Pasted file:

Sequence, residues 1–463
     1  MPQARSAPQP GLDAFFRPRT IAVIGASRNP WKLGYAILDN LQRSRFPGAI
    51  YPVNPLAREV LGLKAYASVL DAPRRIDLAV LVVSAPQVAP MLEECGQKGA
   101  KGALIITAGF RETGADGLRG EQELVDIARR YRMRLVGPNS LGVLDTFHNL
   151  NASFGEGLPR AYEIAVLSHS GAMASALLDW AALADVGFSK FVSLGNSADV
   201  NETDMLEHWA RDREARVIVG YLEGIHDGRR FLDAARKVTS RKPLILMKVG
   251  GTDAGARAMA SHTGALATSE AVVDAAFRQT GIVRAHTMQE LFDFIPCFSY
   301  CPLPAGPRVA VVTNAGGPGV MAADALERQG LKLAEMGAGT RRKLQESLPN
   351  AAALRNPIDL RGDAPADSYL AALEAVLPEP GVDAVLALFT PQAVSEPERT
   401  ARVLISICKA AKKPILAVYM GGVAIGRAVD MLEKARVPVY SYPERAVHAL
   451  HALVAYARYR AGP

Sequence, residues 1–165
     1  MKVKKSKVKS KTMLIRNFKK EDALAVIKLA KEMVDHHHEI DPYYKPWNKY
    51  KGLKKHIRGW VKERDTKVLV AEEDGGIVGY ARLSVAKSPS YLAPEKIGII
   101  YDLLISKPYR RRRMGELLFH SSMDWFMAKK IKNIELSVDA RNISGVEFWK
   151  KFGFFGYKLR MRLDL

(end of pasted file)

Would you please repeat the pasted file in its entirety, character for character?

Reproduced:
Sequence, residues 1–463
     1  MPQARSAPQP GLDAFFRPRT IAVIGASRNP WKLGYAILDN LQRSRFPGAI
    51  YPVNPLAREV LGLKAYASVL DAPRRIDLAV LVVSAPQVAP MLEECGQKGA
   101  KGALIITAGF RETGADGLRG EQELVDIARR YRMRLVGPNS LGVLDTFHNL
   151  NASFGEGLPR AYEIAVLSHS GAMASALLDW AALADVGFSK FVSLGNSADV
   201  NETDMLEHWA RDREARVIVG YLEGIHDGRR FLDAARKVTS RKPLILMKVG
   251  GTDAGARAMA SHTGALATSE AVVDAAFRQT GIVRAHTMQE LFDFIPCFSY
   301  CPLPAGPRVA VVTNAGGPGV MAADALERQG LKLAEMGAGT RRKLQESLPN
   351  AAALRNPIDL RGDAPADSYL AALEAVLPEP GVDAVLALFT PQAVSEPERT
   401  ARVLISICKA AKKPILAVYM GGVAIGRAVD MLEKARVPVY SYPERAVHAL
   451  HALVAYARYR AGP

Sequence, residues 1–165
     1  MKVKKSKVKS KTMLIRNFKK EDALAVIKLA KEMVDHHHEI DPYYKPWNKY
    51  KGLKKHIRGW VKERDTKVLV AEEDGGIVGY ARLSVAKSPS YLAPEKIGII
   101  YDLLISKPYR RRRMGELLFH SSMDWFMAKK IKNIELSVDA RNISGVEFWK
   151  KFGFFGYKLR MRLDL